NEW YORK — It wasn’t Ted Williams and the 1999 All-Star Game at Fenway Park, but it was pretty close.
It was New York, but it was the Mets at Citi Field. The two New York teams and fan bases don’t like one another, but the Yankees’ Mariano Rivera got the ovation of his life. Spine-tingling. Emotional. Use all the superlatives you can. Rivera’s perfect eighth inning in the American League’s 3-0 victory over the National League Tuesday night was pretty special.
The oddity is that Rivera pitched his last All-Star Game as an eighth-inning setup man for Texas closer Joe Nathan, who worked the ninth Tuesday night and got the save. It was a scenario none of us expected.
But Rivera, the classy righty who briefly began his career as a starting pitcher and then as a setup man for John Wetteland, was summoned earlier than usual because AL manager Jim Leyland did not want to risk an NL comeback and no bottom of the ninth.
And so Rivera, of course, pitched a scoreless inning, doffed his cap to the crowd, heard the applause of his AL teammates and NL opponents, and walked off into the New York moonlight. Not Yankee New York, but the Mets New York. It was home anyway.
Rivera entered the game to Metallica’s “Enter Sandman” for the long run across the outfield grass and onto the mound. He was on the field by himself for about two minutes.
“I didn’t know how to act,” said Rivera. “At that moment I didn’t know what to do. Just keep throwing the ball, I guess [his catcher was on the field]. But at the same time I definitely appreciated what they did for me.”
Players from both benches applauded as the 43-year-old Rivera took his cap off and waved it to all parts of the stadium. “It was tough. It was special,” said an emotional Rivera. “To see the fans sharing and both teams standing out in the dugout, managers, coaches, players . . . priceless. I’ve never been in a situation like this. The only difference is the World Series. Besides that, this has been right there.”
His teammates came out one by one and had his back on the field. Rivera composed himself and breezed through the inning. What else is new?
“I wanted to pitch. You know the game of baseball,” Rivera said. “Anything can happen. Leyland wanted to make sure that I pitch. It was a great idea. I appreciate him giving me the opportunity to do this, in New York, for the fans here. I think the plan was perfect.”
Leyland had been thinking that he may have to have Rivera, the author of 638 career saves, pitch before the ninth.
Neil Diamond had just sung “Sweet Caroline” when the Metallica music came on and overcame that moment.
“I think the Lord has a sense of humor,” Rivera said. “He allowed me to have this last one in New York. Definitely, it’s special, but I’m treating it like the other ones. The only difference is next year I won’t be here.”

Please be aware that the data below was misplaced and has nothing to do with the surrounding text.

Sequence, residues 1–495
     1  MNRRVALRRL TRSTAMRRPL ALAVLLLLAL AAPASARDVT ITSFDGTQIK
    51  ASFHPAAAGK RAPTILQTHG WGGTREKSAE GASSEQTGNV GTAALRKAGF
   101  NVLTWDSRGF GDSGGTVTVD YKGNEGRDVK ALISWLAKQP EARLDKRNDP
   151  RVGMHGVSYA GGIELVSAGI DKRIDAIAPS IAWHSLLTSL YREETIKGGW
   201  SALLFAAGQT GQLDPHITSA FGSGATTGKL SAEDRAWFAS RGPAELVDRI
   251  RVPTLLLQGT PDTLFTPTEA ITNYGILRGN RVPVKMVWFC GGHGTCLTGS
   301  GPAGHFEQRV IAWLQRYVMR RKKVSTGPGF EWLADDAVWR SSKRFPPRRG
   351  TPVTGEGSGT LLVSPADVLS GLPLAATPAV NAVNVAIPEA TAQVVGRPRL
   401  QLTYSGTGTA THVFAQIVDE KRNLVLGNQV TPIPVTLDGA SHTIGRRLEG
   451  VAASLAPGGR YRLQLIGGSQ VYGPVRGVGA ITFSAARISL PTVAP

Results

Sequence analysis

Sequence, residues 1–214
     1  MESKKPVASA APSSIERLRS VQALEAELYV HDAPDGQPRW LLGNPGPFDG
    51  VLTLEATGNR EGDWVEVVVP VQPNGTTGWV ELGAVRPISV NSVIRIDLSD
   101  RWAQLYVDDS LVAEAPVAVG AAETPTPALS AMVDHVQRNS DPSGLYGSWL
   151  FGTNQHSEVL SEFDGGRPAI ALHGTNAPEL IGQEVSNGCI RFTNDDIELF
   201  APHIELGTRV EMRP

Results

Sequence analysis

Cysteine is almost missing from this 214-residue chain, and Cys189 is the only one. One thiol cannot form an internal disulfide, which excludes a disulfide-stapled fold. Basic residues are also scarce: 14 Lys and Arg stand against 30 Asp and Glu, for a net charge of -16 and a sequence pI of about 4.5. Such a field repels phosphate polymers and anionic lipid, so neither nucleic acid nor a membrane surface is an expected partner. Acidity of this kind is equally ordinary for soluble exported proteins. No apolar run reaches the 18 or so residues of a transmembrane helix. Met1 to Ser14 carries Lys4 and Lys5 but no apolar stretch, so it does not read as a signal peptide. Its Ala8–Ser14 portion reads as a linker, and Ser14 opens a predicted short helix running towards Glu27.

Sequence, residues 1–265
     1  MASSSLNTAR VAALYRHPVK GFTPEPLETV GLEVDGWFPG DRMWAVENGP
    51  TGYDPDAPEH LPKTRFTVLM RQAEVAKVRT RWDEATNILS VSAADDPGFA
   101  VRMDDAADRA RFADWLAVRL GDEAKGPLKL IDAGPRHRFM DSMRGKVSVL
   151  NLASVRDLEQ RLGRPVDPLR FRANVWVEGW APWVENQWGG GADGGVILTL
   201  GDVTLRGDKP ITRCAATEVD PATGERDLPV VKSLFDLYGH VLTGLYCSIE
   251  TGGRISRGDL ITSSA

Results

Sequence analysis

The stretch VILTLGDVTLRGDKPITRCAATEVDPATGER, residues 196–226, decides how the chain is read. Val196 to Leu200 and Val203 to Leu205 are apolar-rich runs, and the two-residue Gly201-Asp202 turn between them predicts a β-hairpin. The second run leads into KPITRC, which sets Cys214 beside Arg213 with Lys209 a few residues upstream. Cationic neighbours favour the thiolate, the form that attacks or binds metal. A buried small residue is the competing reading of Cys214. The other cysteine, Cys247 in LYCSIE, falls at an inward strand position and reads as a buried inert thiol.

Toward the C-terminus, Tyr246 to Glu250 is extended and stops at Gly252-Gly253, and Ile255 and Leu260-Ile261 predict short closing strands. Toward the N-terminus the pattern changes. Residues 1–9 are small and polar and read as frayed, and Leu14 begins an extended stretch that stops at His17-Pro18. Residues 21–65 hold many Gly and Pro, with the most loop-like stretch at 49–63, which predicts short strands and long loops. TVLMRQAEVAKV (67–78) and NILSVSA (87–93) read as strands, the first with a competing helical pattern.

Rivera, named the game’s Most Valuable Player, said Leyland spoke to him about the possibility of coming in earlier than the ninth during batting practice. While it was a memorable night for Rivera, how do you think Nathan felt?
“It was a surprise,” Nathan said. “The position players made that such a special moment for him to give credit to a guy who had done so much for this game. He’s taught a bunch of players how to act as human beings and baseball players. What he’s done for people inside the game and outside game.”
Nathan was sweating it out. He knew he might have been the setup guy and he didn’t want to blow it for Rivera, but Leyland took that decision out of his hands.
“It was cool. It was more to get his credit and get him that moment to make sure he got into the game,” Nathan explained. “It was special to hand him a save in a game that he got a hold in. I wanted it [the save ball], but I wanted to give it to him even more.”
Nathan said he was still a little shaky about the moment.
“I’ll calm down next week,” he said. “It was a highlight in my career, for sure. It goes right along with something in the game I’ll never forget. There are moments I’ll remember very clear and this was one of them.
“People in the city wanted him in the ninth. It’s about that moment. It was still unbelievable. I know at one point I was thinking, ‘It’s 2-0 and I may have the eighth. I’d better not give this up.”
Tampa Bay’s Ben Zobrist spoke about the emotional moment when Rivera spoke to the room full of All-Stars.
“He has everybody’s respect,” Zobrist said.
“It was kind of like his chance to say goodbye to this room full of All-Stars and say thank you. He said it’s been a blessing. From what I know about him, that means a lot. He certainly has done the game really well. I think he probably was [emotional] but he wasn’t sobbing.
“He was heartfelt in what he was saying. You can sense the job he’s had and the gratitude for being a part of it so long. He has a grandfatherhood in this room. He’s changed the game more than anyone else in this clubhouse.”
Rivera was asked about being at the top of his game still and why he would retire. “I don’t want to think about it because I might change my mind. I don’t want to do that,” he said.
Though many would want to convince him to do so.